One of the things I often struggle with is trusting my students to do what is required. Even the best student sometimes seems to fail to hand in an assignment, or to follow the essay guide, or to use the case studies that I suggested. None of this is their fault, nor mine – it’s just part of the learning process.
We have been drilled over the last few decades to celebrate diversity in the responses our students give us. We tell them that the examiner doesn’t want to read twenty versions of the same essay. We say it’s boring if they choose the same template for their PowerPoints. We encourage the class to move around to break up the lesson into more engaging segments.
Yet when students take the initiative, we frown up on it even if we don’t mean to.
I didn’t ask you to find out about North Korea for your essay on the International Monetary Fund! Why did you include a segment about regolith removal when the essay was meant to be about biodiversity? What do you mean you decided to throw away the assignment and start again with only half an hour to go?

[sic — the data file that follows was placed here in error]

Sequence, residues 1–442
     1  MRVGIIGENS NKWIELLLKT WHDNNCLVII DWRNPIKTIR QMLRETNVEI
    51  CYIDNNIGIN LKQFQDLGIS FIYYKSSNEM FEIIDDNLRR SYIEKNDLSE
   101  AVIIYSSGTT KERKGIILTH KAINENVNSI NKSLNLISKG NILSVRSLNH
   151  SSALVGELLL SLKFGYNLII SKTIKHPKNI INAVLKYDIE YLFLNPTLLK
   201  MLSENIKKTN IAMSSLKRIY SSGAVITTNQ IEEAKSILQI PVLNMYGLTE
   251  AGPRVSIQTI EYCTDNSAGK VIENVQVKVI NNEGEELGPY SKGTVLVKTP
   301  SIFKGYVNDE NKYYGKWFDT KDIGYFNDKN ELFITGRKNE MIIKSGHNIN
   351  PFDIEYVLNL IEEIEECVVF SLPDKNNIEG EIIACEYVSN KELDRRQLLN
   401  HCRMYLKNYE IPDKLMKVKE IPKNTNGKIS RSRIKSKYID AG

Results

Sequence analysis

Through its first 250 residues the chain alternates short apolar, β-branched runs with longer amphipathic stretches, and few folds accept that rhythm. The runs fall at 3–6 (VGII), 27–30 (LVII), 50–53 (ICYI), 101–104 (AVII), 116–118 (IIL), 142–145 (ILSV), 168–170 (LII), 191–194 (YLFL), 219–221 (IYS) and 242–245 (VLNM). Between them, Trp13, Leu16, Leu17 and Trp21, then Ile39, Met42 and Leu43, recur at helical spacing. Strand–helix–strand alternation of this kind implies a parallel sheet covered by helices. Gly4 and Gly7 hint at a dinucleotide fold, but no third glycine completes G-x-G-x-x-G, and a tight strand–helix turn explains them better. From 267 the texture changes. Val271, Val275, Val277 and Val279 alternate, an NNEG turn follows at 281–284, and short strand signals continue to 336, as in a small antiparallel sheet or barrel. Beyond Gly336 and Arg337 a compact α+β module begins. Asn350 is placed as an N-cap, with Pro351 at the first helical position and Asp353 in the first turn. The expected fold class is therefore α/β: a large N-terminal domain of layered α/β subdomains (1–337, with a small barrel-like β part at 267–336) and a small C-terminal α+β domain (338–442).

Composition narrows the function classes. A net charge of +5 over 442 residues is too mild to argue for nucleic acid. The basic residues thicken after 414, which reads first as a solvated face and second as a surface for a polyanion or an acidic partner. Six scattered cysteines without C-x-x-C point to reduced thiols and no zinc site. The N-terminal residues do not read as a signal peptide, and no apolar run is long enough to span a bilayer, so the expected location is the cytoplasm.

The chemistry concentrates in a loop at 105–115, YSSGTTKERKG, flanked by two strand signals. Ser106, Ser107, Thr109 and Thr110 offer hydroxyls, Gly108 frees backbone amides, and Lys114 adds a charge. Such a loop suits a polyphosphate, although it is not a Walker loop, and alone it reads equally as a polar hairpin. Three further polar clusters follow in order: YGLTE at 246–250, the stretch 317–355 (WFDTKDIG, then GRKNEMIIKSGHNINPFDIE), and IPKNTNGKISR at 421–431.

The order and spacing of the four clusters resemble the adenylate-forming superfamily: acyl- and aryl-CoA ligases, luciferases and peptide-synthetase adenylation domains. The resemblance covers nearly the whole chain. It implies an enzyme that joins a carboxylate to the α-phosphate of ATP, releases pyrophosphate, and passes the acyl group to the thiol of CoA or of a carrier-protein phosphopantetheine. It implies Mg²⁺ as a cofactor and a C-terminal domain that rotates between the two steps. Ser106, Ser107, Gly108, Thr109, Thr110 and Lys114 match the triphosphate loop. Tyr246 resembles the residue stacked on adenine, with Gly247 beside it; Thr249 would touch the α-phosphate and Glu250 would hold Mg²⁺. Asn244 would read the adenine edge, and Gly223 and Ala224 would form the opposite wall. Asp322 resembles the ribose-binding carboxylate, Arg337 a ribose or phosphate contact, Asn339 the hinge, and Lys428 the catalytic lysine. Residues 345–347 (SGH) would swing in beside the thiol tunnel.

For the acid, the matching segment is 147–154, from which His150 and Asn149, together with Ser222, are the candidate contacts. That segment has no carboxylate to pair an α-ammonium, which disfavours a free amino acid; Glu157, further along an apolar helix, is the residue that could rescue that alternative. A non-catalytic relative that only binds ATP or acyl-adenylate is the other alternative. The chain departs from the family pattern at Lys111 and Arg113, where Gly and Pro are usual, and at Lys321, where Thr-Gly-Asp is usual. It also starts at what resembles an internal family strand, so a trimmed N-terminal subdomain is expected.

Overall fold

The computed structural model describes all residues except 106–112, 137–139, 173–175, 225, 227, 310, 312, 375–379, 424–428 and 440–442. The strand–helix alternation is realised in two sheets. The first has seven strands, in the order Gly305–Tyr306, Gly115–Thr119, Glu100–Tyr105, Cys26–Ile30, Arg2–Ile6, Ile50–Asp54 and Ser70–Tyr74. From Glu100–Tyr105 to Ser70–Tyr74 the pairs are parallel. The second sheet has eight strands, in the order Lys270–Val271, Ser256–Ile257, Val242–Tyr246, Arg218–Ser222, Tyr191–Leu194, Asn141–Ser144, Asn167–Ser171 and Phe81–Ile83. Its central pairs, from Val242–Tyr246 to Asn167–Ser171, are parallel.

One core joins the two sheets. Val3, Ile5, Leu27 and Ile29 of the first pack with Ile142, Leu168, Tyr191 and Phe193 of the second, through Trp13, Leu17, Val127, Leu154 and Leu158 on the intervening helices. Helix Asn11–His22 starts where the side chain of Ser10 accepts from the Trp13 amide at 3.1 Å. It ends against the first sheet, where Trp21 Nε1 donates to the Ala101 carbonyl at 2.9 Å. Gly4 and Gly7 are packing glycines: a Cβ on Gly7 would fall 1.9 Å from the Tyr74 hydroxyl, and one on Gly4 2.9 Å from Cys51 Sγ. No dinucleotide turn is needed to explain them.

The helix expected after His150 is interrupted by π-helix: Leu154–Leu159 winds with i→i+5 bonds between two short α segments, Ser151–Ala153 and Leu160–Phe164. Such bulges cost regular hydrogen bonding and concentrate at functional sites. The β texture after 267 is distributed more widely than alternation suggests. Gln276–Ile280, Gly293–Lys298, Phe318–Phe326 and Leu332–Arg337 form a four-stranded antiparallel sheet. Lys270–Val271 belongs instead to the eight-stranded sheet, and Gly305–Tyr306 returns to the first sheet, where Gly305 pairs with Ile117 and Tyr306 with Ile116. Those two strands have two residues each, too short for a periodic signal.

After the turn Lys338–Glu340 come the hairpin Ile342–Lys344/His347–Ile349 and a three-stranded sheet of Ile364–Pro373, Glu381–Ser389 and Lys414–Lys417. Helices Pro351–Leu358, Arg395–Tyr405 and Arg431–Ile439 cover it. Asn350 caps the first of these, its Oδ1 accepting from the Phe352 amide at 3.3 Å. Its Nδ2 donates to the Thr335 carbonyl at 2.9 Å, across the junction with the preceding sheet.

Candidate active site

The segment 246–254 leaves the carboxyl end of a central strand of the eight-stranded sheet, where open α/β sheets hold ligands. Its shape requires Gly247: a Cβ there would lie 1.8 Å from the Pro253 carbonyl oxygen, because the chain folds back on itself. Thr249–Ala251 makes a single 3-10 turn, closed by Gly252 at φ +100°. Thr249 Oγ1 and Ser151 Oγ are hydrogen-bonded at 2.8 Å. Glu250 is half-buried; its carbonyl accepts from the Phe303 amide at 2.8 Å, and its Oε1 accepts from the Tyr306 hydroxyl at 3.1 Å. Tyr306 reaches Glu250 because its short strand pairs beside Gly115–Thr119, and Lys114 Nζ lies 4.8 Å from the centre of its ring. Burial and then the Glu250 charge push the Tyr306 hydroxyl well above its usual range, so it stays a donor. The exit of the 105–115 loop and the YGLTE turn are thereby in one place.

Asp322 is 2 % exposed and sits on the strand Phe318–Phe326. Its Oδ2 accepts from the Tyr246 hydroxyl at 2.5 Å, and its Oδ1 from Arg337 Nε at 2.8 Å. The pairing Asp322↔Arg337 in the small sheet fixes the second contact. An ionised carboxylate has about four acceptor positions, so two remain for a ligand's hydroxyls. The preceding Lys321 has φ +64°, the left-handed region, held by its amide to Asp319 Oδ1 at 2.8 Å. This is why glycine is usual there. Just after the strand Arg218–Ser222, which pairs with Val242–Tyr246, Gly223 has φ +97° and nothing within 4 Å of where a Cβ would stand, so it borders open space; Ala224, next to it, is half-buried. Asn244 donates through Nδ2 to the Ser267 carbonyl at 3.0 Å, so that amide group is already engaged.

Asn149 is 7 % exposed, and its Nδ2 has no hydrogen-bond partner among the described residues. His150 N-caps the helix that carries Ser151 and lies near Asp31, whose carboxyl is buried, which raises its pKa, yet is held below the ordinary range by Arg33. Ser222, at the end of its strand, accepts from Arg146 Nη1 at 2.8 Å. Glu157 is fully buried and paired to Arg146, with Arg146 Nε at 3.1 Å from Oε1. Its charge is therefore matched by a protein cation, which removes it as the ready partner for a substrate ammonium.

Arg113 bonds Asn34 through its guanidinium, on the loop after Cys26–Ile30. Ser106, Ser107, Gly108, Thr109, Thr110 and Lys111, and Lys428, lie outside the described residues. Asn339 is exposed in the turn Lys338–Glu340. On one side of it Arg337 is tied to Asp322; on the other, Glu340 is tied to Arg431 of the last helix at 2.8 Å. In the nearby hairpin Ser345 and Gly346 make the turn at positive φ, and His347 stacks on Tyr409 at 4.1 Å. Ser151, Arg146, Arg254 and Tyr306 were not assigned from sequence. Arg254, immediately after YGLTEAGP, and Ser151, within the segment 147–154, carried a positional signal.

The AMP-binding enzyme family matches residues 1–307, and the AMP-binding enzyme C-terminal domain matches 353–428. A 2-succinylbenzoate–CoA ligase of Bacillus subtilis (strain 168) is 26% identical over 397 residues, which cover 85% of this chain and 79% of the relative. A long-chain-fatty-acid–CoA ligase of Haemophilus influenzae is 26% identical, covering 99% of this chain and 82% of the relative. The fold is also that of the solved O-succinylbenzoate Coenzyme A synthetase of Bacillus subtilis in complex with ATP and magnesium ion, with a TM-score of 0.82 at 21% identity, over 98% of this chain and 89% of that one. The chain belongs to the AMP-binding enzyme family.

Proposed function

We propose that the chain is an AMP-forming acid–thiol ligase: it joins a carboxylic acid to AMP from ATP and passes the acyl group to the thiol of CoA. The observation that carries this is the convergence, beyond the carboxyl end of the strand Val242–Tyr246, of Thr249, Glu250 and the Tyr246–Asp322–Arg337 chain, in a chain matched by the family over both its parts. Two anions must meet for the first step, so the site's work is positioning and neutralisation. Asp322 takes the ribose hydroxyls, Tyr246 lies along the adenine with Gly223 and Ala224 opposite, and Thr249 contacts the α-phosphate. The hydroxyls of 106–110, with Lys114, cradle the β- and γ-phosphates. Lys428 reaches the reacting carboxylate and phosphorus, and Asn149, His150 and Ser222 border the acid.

If that sounds familiar – even if it’s just your inner voice speaking, and you wouldn’t dream of saying that to the students – then you’re like me. Because although I say that I want students to be independent, I also like to know that I am helping them. And that can easily conflate into a need to control – sorry, I mean a need to guide.
So when the student does something that is just plain wrong, I get frustrated. Why didn’t they use the example I told them? Why didn’t they follow the essay plan I gave them? Why didn’t they just do the work when I told them to?
That’s when I need to slow down and remember that they are learning. If they don’t make these mistakes, they’ll always struggle to work out where the limits are.
So, this post has been about one simple thing: trial and error. Trust your students not to avoid mistakes, but to make them. And then deal with the resulting errors as a learning experience not for you (in that you change the way you instruct them to avoid the same mistake again) but for them. And eventually, you’ll be able to trust them to do work that is beyond your expectations because it is original, interesting and logical.